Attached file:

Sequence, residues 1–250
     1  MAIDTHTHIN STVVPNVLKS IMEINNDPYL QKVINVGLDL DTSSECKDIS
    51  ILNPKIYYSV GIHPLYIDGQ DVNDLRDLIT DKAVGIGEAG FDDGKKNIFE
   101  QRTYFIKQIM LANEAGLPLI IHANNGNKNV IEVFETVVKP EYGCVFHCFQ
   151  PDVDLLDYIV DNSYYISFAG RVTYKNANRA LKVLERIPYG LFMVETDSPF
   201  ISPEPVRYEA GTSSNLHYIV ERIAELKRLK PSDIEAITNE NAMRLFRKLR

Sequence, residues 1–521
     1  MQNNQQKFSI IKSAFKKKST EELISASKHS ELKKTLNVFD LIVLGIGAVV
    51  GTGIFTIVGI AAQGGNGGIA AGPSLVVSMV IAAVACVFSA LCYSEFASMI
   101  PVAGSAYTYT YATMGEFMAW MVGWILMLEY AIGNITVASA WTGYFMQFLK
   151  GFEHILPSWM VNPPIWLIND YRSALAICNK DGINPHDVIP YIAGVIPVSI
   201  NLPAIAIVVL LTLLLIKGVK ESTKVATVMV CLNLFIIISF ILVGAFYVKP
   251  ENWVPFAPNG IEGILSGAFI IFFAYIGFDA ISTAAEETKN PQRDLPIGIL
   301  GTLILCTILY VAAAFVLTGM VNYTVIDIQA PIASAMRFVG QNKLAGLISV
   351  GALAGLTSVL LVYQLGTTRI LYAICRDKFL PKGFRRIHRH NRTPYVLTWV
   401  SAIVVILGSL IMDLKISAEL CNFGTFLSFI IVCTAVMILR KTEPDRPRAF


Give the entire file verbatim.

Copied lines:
Sequence, residues 1–250
     1  MAIDTHTHIN STVVPNVLKS IMEINNDPYL QKVINVGLDL DTSSECKDIS
    51  ILNPKIYYSV GIHPLYIDGQ DVNDLRDLIT DKAVGIGEAG FDDGKKNIFE
   101  QRTYFIKQIM LANEAGLPLI IHANNGNKNV IEVFETVVKP EYGCVFHCFQ
   151  PDVDLLDYIV DNSYYISFAG RVTYKNANRA LKVLERIPYG LFMVETDSPF
   201  ISPEPVRYEA GTSSNLHYIV ERIAELKRLK PSDIEAITNE NAMRLFRKLR

Sequence, residues 1–521
     1  MQNNQQKFSI IKSAFKKKST EELISASKHS ELKKTLNVFD LIVLGIGAVV
    51  GTGIFTIVGI AAQGGNGGIA AGPSLVVSMV IAAVACVFSA LCYSEFASMI
   101  PVAGSAYTYT YATMGEFMAW MVGWILMLEY AIGNITVASA WTGYFMQFLK
   151  GFEHILPSWM VNPPIWLIND YRSALAICNK DGINPHDVIP YIAGVIPVSI
   201  NLPAIAIVVL LTLLLIKGVK ESTKVATVMV CLNLFIIISF ILVGAFYVKP
   251  ENWVPFAPNG IEGILSGAFI IFFAYIGFDA ISTAAEETKN PQRDLPIGIL
   301  GTLILCTILY VAAAFVLTGM VNYTVIDIQA PIASAMRFVG QNKLAGLISV
   351  GALAGLTSVL LVYQLGTTRI LYAICRDKFL PKGFRRIHRH NRTPYVLTWV
   401  SAIVVILGSL IMDLKISAEL CNFGTFLSFI IVCTAVMILR KTEPDRPRAF